May as well dispense with formality and open with my conclusion, I'm designating Fabric for Fashion: The Swatch Book as a must buy for fashion oriented entrepreneurs who aren't textile experts (most of them).
Maybe I should start by explaining what this book isn't. It isn't a comprehensive A to Z recitation of dry textile science, stuff we had to learn in school. I think that is the biggest problem for entrepreneurs; they want to know more but most books fall in one of two camps: enthusiast and engineering. Enthusiast books are typically well researched but there's a gap between intended application and the jargon typically used in the trade. Textile textbooks on the other hand, are written by probable near geniuses who assume readers will pore over every word, memorize it and amuse genteel companions at cocktail parties with witty quotations from it. Okay, maybe not but you know what I mean. Point is, most entrepreneurs are too busy to read enough of a textile textbook to get much (if anything) out of it. Most pages seem to consist of a dense wall of text with black and white grainy photos taken in the 1970's. Business owners want a cheat sheet -the closest thing to a bullet point list they can get. If that describes you, you're going to love this one.
A frequently heard lament is the dearth of pattern making books specific to the male form. Toward addressing the oversight comes a recently released title called Patternmaking for Menswear by Gareth Kershaw, from Laurence Publishing.
Before I start though, I confess a bit of wariness. Whenever I review a book, the most frequent response is whether the book will resolve whatever ill one has or whether it is the Holy Grail/Rosetta Stone of drafting texts. Few books are that. Drafting books are no different than cook books and although few of us are professional cooks, most of us have a variety of cookbooks. As such, if this is your profession or your professional interest, you're well served to have a variety of texts that speak to your interests. If your budget requires closer scrutiny to acquire books, consider the library as an option. Keep in mind that I don't review books that I feel are without merit. This one is relatively inexpensive ($40 list) and represents good value. Oh, before I forget, how I review patternmaking books may be helpful too.
Today we have a guest entry written by textile artist Kelly Cobb, who is an assistant professor in the fashion department at the University of Delaware. Written to include the sometimes competing priorities of various readers, Kelly includes a resource list at close to further your exploration. My sincerest thanks to Kelly for this thoughtful review.
Digital Textile Design
Second Edition, $40. 192 pp
by Melanie Bowles and Ceri Issac
The universe of textile design is becoming more and more inclusive with the onset of technological innovations that allow anyone interested access to high-end printing capabilities. The potential to create custom prints is appealing and very accessible with operations like Spoonflower or Fabric on Demand. Digital Textile Design focuses on the evolving world of digital print technologies, offering tutorials and case studies geared towards “practitioners” of textile design. There are many facets of practitioner! Below, I review Digital Textile Design from three perspectives.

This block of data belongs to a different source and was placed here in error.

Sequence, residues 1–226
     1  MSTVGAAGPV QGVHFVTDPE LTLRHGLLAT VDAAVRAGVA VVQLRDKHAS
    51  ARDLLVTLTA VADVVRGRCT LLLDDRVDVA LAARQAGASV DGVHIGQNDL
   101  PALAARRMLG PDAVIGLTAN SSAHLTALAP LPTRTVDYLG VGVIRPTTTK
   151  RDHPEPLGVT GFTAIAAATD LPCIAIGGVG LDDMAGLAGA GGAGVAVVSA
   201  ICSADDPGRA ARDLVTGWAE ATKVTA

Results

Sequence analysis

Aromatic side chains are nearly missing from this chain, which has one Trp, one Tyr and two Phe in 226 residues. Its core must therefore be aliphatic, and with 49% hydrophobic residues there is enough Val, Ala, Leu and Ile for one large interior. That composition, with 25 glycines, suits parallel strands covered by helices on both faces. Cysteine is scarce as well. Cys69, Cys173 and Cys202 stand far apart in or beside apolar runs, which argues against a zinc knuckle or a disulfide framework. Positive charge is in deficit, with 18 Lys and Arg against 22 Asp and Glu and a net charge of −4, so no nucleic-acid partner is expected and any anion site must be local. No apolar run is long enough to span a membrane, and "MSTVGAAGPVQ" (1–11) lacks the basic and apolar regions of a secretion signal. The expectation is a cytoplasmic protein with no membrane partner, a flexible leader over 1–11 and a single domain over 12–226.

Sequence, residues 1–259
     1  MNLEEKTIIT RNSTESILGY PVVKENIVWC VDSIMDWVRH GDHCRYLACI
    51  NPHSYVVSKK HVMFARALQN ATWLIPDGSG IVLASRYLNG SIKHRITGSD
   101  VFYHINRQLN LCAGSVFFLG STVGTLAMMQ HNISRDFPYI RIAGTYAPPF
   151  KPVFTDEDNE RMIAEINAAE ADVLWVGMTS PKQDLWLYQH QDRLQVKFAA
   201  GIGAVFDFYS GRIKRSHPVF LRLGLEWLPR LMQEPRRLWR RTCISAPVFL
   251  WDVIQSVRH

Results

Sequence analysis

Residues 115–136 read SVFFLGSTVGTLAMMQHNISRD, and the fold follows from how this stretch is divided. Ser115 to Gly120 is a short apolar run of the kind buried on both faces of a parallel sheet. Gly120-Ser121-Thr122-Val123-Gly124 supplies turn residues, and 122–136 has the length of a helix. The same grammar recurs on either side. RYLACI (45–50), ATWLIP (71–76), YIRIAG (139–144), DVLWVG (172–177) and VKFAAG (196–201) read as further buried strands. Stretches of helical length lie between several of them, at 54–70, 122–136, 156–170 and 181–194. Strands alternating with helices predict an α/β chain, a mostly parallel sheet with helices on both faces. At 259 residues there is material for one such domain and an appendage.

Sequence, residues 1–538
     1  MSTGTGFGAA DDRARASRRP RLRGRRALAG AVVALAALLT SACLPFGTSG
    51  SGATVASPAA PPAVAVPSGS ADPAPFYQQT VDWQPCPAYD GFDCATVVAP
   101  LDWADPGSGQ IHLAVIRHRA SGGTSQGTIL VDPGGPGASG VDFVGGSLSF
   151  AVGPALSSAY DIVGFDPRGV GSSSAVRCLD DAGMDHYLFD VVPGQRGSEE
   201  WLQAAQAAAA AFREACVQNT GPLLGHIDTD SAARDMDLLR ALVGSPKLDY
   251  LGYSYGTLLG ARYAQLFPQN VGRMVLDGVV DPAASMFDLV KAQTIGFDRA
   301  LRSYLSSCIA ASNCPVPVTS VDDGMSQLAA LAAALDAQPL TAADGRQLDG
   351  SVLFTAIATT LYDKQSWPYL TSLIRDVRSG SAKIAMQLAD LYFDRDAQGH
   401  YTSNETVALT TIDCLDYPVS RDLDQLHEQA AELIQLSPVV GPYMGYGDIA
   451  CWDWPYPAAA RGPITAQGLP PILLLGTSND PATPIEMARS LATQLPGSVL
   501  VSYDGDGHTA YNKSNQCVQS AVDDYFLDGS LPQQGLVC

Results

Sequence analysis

And now we come to the final day of our 7 day, 7 book giveaway... people, I'm thinking this one -Draping: The Complete Course- is a game changer; this book is exquisite. It would seem that many agree with me, newly published last month, it is already out of stock. Oh wait, there's a bit of confusion. Amazon shows it won't go on sale until October 1st. Either way, I recommend pre-ordering it. You want to make sure you'll get a copy when they come available. Really, you will. This is the book of the year, maybe even the book of next year. I haven't ever seen anything like this -it weighs 4 pounds! All I can say is that I'm glad I don't write draping books because this would be a tough act to follow.
Now. As a lot of you already know, I'm not too wild on draping. Not that I don't care for it, not that I don't think it's a great thing and it definitely has its uses, but I'm one of those (apparently rare?) people who can create flounces, cowls -you know, all draped styles- with paper and pencil or CAD. Frankly until I started this blog, I didn't know that everyone else couldn't because any place I'd worked, everybody else drafted exclusively too.
Before getting into this review, you can still enter to win the pattern book until late tomorrow afternoon. A winner for the Stylish dress book will be selected on Wednesday. Moving on.
Today's giveaway features the second edition of Connie Crawford's Grading Workbook. I have the hard copy, spiral bound edition, 136 pages. It is nicely formatted and illustrated, similar to the drafting book. I do think it is a low cost option to learn grading from -all explained in a clear manner as possible but there are a few issues to be aware of. Before I forget, if you're not sure of all the technical terms I'm using, you might consider perusing the grading posts on this site, they are extensive and detailed.